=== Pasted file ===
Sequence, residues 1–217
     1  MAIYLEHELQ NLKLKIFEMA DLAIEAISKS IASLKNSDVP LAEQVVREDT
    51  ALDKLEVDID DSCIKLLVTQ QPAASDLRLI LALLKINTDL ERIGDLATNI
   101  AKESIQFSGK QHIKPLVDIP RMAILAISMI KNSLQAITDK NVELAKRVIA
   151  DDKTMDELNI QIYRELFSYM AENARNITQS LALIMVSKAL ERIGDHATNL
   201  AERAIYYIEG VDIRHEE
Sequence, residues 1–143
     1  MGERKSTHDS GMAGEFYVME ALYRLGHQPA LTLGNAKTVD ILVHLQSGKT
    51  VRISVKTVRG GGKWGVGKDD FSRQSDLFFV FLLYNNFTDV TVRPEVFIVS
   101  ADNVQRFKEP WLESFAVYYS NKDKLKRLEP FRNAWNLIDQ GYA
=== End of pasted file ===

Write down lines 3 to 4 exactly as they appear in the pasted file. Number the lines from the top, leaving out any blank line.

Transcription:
    51  ALDKLEVDID DSCIKLLVTQ QPAASDLRLI LALLKINTDL ERIGDLATNI
   101  AKESIQFSGK QHIKPLVDIP RMAILAISMI KNSLQAITDK NVELAKRVIA